There are a lot of words used for women, not all of them flattering. But often what makes these words problematic depends on context. When a man calls someone "his woman," instead of girlfriend or wife — that's a problem. When someone calls a group of women "females" in a non-scientific context — that's a problem.
And earlier today actress Mayim Bailik explained exactly why she's so upset when someone calls a woman a "girl."
The Big Bang Theory star posted a video to her Facebook page, explaining that calling grown women "girls" is infantilizing, and that we'd never do the same to men.
She started the video with a story about being at a bar with two of her guy friends. "One of them said to the other, 'oh my god, dude, look at that girl sitting at the bar she's beautiful,'" she said.
"And I start looking around, wondering why they would let a child into the bar," she continued.
The men weren't talking about a child, of course, they were talking about a grown woman.
"Language matters, words having meaning," she said. "When we use words to describe adult women that are typically used to describe children, it changes the way we think about women — even unconsciously.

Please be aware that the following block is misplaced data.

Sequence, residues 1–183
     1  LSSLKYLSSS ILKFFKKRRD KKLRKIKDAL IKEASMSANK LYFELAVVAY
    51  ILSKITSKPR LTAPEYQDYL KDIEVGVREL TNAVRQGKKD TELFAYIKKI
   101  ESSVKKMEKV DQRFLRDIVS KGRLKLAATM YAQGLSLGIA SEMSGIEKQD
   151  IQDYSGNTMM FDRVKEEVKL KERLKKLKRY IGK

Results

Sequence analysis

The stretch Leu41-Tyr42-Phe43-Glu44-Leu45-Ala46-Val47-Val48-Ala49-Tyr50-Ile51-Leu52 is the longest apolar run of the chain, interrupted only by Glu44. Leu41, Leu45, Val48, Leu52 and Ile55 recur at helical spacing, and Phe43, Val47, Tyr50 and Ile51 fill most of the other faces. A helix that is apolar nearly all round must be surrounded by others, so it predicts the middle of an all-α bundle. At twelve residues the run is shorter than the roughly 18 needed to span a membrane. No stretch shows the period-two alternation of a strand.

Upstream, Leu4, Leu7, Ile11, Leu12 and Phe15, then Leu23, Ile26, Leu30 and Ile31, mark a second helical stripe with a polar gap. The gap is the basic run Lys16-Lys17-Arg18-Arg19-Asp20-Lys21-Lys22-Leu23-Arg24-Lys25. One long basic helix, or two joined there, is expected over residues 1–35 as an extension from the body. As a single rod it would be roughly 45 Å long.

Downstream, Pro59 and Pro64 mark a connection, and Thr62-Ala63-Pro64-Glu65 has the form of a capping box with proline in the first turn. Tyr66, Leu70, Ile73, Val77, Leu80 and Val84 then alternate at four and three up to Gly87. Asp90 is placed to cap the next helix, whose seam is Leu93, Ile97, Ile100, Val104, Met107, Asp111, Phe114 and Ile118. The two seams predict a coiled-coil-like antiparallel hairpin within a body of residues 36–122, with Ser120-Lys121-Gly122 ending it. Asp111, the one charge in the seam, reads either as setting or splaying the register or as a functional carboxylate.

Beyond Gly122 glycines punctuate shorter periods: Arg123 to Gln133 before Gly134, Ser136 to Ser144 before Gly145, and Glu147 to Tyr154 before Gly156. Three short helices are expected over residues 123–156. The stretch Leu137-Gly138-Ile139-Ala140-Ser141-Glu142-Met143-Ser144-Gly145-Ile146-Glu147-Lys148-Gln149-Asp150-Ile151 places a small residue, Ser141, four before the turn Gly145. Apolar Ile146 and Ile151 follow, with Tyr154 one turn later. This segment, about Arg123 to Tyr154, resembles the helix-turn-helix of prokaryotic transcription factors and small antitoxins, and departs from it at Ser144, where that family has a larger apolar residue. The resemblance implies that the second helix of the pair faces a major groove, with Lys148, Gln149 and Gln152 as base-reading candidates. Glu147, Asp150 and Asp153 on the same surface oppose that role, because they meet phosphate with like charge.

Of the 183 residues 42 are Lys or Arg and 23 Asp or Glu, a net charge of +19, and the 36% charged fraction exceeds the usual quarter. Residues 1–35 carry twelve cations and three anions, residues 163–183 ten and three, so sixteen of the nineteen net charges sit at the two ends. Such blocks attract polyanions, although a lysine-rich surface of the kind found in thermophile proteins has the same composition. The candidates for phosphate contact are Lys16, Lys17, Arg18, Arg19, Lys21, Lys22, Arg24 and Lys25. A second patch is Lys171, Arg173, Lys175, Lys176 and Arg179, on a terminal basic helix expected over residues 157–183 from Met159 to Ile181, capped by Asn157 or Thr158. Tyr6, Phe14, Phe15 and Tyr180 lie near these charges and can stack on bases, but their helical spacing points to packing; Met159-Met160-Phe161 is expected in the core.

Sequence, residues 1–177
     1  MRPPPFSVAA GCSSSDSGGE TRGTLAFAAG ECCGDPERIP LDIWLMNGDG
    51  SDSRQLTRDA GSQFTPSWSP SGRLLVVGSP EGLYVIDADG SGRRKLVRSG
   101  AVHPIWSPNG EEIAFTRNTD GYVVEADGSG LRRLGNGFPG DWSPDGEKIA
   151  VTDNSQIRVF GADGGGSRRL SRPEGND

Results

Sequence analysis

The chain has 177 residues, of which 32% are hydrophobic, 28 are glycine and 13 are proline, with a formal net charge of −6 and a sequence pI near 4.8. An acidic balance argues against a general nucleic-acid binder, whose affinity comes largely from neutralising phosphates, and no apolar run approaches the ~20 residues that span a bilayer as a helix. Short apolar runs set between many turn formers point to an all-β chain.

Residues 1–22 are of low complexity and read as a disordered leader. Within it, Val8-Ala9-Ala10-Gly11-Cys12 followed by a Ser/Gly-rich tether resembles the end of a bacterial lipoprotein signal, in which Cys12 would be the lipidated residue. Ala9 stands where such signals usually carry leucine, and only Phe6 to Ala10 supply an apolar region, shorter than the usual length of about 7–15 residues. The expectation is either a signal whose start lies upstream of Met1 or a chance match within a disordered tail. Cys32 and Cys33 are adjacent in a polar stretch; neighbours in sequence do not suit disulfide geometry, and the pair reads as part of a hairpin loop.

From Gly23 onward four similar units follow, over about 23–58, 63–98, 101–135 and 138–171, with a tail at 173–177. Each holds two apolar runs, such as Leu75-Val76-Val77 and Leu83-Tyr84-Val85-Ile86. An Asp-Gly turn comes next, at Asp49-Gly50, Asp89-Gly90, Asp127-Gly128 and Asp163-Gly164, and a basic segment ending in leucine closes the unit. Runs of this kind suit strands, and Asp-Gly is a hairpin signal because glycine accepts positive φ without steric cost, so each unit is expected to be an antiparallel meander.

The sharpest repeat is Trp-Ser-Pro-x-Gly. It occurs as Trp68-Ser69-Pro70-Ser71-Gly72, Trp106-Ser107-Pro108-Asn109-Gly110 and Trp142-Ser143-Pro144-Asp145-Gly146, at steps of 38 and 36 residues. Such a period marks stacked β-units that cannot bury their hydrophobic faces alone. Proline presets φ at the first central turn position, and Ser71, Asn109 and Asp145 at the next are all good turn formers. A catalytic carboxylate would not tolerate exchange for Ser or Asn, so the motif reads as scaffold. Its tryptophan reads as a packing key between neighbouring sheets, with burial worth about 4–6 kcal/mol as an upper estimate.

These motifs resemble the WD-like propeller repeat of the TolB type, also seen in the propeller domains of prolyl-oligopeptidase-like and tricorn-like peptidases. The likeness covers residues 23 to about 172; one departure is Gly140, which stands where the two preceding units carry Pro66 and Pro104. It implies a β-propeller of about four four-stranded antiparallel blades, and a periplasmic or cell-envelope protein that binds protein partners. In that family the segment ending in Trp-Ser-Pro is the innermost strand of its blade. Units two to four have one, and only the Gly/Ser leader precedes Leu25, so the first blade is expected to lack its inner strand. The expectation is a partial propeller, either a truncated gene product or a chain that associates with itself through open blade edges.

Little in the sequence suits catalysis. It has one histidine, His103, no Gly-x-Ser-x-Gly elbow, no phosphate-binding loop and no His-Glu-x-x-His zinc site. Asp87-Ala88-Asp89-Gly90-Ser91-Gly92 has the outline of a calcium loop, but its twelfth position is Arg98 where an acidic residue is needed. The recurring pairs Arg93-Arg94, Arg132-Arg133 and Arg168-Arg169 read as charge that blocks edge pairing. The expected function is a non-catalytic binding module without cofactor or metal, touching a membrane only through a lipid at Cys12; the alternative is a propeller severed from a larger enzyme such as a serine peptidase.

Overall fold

She, of course, got some men in the comments who were appalled at her argument, but she handled them with class.
"Actually people do call grown men boys all the time...boys will be boys, boys with their toys, sports players get referred to as peoples boys all the time," one man wrote. "These are just a few but it happens more so than you think."
"Wow, josh. thanks," Bialik responded. "did you think i don't know those expressions? this video is about how we frame women. come on. patriarchy much!?"
And that's an incredibly important distinction. There are moments, often when we're using colloquial phrases or slang terms, when calling a woman a "girl" can actually be powerful. It matters who's speaking and what they're talking about.
We don't always agree with everything Bialik (or anyone else, for that matter) says, but we love what she's saying here. The way we talk about women, and all other marginalized groups, does matter. It does frame our thoughts and influence our actions.
So Bialik suggests we start calling people out. And in case you're not sure how to tell someone that they should say "woman" instead of "girl," Bialik has you covered there, too.
"I'll sometimes say things like 'she's got a full-time job and 150 people on payroll, I'm pretty sure she's a woman.' And I'll smile."